You never know who you might run into at the New York Public Library for the Performing Arts.
"I remember in the stacks one day stumbling over Cecilia Bartoli, on her knees looking at a score,'' assistant director Kevin Winkler says. The great Italian mezzo-soprano opera singer was doing research for an album.
The library's Theatre on Film and Tape Archive, which has thousands of videos of stage productions available for viewing, is a favorite spot for actors, directors and designers.
"Artists come here because, say, they're starring in Gypsy and so they want to look at the tapes of all the former Gypsies,'' executive director Jacqueline Davis says. "I remember when Mike Nichols and his entire team were here because they were doing Angels in America for HBO. We had taped the Broadway production, and they were able to look at everything from lighting to sets to the acting in order to determine how they were going to address all those issues for the movie.''
Treasures without fee
The Library for the Performing Arts is a treasure trove of 9-million items related to every kind of performance. There are plenty of books, of course, but also audio and video recordings, manuscripts, sheet music, stage design models, press clippings, programs, posters, photographs and letters. It's the largest collection devoted to music, dance, theater, recorded sound and other performing arts that is free and open to the public.
For writers and researchers all roads lead to the library, nestled between the Metropolitan Opera and the Vivian Beaumont Theater at Lincoln Center, but it is also well worth a look by anyone with an interest in show business. Davis encourages visitors to New York to take advantage of the library.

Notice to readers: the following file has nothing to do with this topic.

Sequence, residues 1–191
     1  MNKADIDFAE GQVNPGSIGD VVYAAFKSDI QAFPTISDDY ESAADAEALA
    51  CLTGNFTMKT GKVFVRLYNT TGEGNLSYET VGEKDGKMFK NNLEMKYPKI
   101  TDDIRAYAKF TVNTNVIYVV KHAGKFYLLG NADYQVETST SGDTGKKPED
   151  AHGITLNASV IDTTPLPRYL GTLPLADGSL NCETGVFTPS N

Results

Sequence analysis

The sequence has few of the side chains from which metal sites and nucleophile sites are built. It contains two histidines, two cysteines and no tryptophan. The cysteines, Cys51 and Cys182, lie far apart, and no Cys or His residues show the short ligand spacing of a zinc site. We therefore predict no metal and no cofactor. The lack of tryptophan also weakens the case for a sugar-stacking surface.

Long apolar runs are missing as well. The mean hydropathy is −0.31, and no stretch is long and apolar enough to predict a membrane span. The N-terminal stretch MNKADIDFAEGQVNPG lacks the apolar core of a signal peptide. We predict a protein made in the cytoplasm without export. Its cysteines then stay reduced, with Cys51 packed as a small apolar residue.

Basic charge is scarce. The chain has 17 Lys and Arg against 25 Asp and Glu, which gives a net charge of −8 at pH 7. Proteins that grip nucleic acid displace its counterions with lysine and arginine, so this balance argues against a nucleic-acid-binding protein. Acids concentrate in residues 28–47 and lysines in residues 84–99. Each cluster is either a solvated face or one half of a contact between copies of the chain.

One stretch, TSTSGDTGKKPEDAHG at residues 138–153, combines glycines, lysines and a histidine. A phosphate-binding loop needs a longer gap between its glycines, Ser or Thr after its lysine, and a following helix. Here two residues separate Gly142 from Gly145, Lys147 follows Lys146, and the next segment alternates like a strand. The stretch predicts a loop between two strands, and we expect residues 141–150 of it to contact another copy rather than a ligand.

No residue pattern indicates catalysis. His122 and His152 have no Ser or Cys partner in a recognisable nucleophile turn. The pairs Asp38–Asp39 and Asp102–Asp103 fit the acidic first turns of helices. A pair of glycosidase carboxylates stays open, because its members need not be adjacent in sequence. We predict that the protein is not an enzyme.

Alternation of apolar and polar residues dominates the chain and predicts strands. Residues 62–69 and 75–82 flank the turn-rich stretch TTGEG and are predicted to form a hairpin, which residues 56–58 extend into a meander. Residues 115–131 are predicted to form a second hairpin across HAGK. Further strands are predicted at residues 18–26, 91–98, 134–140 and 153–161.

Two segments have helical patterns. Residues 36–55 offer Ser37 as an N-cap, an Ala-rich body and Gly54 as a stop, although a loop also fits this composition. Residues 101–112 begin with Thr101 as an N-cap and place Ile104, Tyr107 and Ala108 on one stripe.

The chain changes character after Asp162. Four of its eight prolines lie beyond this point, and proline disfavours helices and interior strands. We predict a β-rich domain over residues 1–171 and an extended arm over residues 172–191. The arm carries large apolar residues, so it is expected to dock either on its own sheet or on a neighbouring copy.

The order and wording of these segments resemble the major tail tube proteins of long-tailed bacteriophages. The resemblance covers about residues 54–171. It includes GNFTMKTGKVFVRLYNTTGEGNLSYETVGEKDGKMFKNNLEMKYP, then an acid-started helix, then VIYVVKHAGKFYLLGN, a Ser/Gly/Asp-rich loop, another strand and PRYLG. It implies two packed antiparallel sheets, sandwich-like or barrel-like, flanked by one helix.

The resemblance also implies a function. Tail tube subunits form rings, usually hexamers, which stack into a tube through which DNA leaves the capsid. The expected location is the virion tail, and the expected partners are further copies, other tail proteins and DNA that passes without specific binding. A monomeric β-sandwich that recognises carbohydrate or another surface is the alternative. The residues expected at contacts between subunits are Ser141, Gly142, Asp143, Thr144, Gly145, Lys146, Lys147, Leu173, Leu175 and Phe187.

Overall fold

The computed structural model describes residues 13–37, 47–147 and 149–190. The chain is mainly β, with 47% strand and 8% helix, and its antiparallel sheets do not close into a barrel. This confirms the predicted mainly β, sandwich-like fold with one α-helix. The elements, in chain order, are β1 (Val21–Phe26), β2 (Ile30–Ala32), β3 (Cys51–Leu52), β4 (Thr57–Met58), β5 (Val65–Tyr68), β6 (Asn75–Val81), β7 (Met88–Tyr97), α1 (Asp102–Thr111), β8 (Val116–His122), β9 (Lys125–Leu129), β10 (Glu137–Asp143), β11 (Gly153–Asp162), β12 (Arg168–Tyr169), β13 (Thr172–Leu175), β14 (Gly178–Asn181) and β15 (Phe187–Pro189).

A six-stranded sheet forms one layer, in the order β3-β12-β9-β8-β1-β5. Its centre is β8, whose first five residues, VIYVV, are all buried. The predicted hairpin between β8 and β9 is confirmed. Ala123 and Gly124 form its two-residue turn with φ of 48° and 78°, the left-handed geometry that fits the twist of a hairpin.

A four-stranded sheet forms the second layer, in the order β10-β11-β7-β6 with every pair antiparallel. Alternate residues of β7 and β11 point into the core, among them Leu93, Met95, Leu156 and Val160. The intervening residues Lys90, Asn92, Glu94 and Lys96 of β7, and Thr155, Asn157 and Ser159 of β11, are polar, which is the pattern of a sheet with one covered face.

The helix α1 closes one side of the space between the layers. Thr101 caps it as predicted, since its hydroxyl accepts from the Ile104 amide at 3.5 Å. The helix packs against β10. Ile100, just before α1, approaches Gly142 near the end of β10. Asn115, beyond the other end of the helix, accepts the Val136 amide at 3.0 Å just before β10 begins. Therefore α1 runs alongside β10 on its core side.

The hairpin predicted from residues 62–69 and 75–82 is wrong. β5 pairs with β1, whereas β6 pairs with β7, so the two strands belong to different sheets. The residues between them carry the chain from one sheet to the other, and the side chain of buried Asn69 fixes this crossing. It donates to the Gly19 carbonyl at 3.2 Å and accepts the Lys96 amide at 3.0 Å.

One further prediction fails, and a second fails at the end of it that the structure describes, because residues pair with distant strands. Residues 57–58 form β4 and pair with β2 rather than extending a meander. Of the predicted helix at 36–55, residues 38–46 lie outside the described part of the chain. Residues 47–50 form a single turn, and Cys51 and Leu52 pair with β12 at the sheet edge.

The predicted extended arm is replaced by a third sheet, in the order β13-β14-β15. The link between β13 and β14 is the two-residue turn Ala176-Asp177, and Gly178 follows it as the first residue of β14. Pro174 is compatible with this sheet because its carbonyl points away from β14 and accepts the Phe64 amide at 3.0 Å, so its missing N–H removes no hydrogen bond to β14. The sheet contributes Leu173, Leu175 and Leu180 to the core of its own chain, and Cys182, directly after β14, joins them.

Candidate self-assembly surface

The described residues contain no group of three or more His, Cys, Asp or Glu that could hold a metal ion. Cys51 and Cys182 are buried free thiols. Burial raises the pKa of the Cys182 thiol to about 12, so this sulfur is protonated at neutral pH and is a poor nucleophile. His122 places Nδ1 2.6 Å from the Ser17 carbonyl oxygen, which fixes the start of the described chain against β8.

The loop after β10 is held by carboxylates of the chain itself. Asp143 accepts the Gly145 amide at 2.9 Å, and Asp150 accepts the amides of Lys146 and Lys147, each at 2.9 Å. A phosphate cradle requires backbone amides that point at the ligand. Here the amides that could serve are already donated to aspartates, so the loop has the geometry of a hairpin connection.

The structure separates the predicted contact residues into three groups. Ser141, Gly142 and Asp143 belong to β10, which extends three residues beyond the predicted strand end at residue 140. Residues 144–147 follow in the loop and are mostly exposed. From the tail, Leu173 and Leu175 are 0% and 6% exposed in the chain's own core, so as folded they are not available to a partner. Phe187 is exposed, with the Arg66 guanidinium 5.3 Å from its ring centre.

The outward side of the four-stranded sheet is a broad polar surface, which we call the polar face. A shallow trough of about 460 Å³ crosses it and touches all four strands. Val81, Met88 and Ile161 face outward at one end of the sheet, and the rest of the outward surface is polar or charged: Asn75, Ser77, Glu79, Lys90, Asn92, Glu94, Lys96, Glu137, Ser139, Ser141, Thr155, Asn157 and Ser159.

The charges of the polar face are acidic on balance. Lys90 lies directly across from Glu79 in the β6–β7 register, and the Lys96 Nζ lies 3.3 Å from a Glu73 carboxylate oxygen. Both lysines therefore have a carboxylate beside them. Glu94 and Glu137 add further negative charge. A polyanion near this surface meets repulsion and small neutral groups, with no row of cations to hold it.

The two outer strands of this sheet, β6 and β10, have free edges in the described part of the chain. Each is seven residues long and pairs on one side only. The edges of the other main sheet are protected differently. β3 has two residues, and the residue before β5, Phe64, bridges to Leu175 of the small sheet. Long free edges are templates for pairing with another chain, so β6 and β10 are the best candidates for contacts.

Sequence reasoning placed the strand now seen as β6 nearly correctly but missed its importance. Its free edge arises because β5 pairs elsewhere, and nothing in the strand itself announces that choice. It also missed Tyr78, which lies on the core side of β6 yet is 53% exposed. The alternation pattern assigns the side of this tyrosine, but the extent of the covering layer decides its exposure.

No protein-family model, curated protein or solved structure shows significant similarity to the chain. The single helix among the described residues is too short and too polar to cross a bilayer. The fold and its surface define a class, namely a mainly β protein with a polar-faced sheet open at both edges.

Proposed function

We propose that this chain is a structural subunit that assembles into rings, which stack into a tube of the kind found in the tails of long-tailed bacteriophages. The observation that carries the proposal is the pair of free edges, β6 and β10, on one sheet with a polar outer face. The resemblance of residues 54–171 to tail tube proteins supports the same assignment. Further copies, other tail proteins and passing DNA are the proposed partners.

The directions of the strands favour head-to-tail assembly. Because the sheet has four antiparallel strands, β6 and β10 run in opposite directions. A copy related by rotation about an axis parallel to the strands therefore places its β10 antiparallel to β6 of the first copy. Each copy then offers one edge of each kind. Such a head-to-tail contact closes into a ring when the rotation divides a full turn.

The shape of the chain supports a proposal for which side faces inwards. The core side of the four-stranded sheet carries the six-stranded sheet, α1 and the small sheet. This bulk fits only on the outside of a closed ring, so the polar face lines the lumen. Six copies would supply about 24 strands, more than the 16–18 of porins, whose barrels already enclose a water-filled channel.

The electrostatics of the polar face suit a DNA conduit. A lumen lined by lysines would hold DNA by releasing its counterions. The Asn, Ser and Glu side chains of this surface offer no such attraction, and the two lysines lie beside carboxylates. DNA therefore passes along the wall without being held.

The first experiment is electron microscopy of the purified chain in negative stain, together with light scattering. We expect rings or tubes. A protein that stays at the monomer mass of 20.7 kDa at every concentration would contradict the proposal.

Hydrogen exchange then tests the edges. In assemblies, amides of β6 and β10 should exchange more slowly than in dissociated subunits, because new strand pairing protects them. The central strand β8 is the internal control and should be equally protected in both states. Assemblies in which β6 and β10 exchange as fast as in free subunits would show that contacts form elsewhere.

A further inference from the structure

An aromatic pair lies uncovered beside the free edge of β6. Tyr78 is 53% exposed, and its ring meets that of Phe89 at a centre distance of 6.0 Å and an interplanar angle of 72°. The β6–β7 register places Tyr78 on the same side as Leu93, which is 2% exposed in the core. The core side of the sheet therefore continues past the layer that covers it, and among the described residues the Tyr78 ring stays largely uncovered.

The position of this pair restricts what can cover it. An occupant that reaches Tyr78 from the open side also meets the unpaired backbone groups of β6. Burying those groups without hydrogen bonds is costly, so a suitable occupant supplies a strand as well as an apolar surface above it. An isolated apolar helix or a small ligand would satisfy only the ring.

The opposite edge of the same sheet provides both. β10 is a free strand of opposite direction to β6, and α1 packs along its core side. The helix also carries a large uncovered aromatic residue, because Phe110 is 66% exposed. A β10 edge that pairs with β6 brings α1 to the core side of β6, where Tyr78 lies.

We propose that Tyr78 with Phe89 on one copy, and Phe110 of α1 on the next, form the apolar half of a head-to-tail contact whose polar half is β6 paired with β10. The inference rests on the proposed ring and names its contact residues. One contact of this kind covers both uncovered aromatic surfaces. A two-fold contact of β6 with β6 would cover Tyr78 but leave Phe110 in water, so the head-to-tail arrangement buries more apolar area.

"There are many pathways into this building,'' she says. "You can do everything from just check your e-mail at the front door because there's a bank of computers to do that, to using the more interesting pathway, which is to look at whatever exhibits are going on. If you're browsing through the circulating section, you can sit down and read a book about music, dance, theater, recorded sound. You can listen to recordings.''
Spotlight on displays
The library's exhibition program mainly draws from its collection in displays in the Oenslager and Astor galleries. Right now there's a show by Kenn Duncan, a New York portrait and fashion photographer who worked for After Dark, Dance and other magazines. This retrospective of Duncan's career focuses on the 1970s and has 528 photographs that include iconic images of Eartha Kitt, Bette Midler, Mikhail Baryshnikov, the cast of Hair, Angela Lansbury, Al Pacino and many more.
"Take Me Out to the Ball Game: 100 Years of Music, Musicians and the National Pastime,'' also currently on view, has 300 baseball-related artifacts on display, including the original 1908 sheet music for Take Me Out to the Ball Game; the Yankee jersey worn by opera star and baseball fan Robert Merrill; and a legendary Honus Wagner baseball card.